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Examining patterns of multimorbidity, polypharmacy and risk of adverse drug reactions in chronic obstructive pulmonary disease: a cross-sectional UK Biobank study

15 Jan 2018

Objective

This study aims: (1) to describe the pattern and extent of multimorbidity and polypharmacy in UK Biobank participants with chronic obstructive pulmonary disease (COPD) and (2) to identify which comorbidities are associated with increased risk of adverse drug reactions (ADRs) resulting from polypharmacy.

Design

Cross-sectional.

Setting

Community cohort.

Participants

UK Biobank participants comparing self-reported COPD (n=8317) with no COPD (n=494 323).

Outcomes

Multimorbidity (≥4 conditions) and polypharmacy (≥5 medications) in participants with COPD versus those without. Risk of ADRs (taking ≥3 medications associated with falls, constipation, urinary retention, central nervous system (CNS) depression, bleeding or renal injury) in relation to the presence of COPD and individual comorbidities.

Results

Multimorbidity was more common in participants with COPD than those without (17% vs 4%). Polypharmacy was highly prevalent (52% with COPD taking ≥5 medications vs 18% in those without COPD). Adjusting for age, sex and socioeconomic status, those with COPD were significantly more likely than those without to be prescribed ≥3 medications contributing to falls (OR 2.27, 95% CI 2.13 to 2.42), constipation (OR 3.42, 95% CI 3.10 to 3.77), urinary retention (OR 3.38, 95% CI 2.94 to 3.87), CNS depression (OR 3.75, 95% CI 3.31 to 4.25), bleeding (OR 4.61, 95% CI 3.35 to 6.19) and renal injury (OR 2.22, 95% CI 1.86 to 2.62). Concomitant cardiovascular disease was associated with the greatest risk of taking ≥3 medications associated with falls/renal injury. Concomitant mental health conditions were most strongly associated with medications linked with CNS depression/urinary retention/bleeding.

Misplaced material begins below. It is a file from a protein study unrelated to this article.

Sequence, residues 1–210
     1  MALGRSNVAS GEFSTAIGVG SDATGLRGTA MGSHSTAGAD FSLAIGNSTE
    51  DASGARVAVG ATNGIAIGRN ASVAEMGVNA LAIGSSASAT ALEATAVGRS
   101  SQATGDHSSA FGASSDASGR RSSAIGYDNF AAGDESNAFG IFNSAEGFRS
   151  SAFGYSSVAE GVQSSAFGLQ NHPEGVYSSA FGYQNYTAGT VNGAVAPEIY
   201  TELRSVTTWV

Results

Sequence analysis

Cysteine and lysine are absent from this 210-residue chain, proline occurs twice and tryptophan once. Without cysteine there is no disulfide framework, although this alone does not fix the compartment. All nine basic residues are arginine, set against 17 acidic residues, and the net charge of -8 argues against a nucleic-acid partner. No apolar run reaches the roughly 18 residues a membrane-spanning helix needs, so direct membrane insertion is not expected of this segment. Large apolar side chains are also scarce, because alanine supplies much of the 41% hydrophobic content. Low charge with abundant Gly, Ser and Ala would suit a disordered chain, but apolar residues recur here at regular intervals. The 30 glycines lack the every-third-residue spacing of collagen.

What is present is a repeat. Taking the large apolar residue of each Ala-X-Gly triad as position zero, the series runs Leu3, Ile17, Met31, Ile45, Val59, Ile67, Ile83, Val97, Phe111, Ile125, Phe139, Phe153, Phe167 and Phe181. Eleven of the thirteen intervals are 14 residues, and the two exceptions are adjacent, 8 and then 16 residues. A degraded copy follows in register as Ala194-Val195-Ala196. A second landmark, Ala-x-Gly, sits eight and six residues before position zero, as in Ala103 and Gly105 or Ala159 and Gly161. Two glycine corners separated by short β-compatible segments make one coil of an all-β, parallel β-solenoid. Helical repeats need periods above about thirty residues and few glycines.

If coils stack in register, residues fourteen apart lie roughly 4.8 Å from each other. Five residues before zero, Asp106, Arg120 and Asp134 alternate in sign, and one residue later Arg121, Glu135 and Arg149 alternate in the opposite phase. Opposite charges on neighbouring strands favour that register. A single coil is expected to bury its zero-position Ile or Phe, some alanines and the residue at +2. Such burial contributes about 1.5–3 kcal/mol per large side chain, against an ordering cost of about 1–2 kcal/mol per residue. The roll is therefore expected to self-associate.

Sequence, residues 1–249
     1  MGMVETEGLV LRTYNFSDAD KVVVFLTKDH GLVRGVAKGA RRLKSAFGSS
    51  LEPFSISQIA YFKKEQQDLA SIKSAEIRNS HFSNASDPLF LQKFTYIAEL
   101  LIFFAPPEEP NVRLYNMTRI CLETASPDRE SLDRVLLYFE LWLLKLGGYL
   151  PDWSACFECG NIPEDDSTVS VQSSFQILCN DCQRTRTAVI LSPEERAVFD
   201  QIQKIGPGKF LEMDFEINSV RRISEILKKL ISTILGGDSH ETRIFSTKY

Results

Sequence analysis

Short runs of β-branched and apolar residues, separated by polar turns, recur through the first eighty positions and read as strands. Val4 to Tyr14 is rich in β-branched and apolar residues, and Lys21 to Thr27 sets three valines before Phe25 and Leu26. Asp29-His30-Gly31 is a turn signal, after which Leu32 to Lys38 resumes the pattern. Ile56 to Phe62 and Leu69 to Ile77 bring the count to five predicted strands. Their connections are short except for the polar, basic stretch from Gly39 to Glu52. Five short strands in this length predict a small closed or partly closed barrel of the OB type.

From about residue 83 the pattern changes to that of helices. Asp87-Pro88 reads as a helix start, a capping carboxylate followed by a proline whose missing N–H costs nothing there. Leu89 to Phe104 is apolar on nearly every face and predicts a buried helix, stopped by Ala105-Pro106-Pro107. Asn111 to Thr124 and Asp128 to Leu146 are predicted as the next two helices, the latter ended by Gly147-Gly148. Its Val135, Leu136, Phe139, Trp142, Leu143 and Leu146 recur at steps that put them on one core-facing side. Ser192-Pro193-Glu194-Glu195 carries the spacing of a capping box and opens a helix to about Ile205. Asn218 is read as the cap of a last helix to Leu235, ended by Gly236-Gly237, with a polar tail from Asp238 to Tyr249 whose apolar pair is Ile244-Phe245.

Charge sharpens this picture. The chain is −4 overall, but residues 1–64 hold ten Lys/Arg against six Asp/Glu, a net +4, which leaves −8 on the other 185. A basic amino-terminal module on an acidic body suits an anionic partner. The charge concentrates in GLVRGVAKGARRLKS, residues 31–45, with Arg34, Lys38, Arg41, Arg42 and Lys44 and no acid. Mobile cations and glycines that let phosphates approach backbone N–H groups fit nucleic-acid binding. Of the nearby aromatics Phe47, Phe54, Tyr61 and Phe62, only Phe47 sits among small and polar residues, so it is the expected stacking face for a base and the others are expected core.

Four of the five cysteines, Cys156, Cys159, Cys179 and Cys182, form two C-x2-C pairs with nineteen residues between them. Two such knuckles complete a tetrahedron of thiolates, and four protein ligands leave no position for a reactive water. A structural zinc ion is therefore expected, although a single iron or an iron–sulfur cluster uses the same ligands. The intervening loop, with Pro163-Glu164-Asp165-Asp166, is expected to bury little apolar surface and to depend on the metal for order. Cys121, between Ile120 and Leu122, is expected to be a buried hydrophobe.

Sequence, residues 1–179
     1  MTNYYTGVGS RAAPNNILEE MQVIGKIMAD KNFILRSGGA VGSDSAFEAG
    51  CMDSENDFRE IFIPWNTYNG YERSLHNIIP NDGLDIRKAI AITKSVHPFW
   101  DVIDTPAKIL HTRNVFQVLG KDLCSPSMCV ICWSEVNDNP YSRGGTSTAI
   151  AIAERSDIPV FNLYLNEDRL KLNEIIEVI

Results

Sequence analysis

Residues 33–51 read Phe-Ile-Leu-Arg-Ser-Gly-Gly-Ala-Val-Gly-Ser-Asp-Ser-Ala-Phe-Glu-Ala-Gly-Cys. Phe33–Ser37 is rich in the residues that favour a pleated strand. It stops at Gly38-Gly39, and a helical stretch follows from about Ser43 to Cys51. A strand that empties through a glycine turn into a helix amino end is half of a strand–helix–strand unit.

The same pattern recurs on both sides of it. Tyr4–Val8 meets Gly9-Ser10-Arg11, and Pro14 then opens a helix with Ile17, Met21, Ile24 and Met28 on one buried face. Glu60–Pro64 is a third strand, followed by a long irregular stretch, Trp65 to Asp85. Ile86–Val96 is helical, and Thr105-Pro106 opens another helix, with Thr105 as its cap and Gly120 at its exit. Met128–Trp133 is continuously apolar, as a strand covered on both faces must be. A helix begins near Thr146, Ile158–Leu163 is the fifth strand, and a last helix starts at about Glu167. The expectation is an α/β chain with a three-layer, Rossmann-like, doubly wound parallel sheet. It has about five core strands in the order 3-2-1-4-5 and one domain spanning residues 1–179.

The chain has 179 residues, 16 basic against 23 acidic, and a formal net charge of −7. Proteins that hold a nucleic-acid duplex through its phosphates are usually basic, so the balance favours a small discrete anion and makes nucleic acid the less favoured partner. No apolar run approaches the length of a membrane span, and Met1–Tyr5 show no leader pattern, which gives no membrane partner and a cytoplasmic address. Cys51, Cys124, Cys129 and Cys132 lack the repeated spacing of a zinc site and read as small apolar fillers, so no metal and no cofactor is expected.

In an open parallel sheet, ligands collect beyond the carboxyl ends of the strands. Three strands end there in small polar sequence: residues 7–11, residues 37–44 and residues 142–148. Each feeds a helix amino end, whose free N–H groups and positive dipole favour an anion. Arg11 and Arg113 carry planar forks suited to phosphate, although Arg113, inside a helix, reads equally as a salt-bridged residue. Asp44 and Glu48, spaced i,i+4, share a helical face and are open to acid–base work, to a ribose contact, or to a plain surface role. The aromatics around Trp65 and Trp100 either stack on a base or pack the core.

Conclusions

Multimorbidity is common in COPD and associated with high levels of polypharmacy. Co-prescription of drugs with various ADRs is common. Future research should examine the effects on healthcare outcomes of co-prescribing multiple drugs with similar potential ADRs. Clinical guidelines should emphasise assessment of multimorbidity and ADR risk.

Click here to view the full article which appeared in BMJ Open

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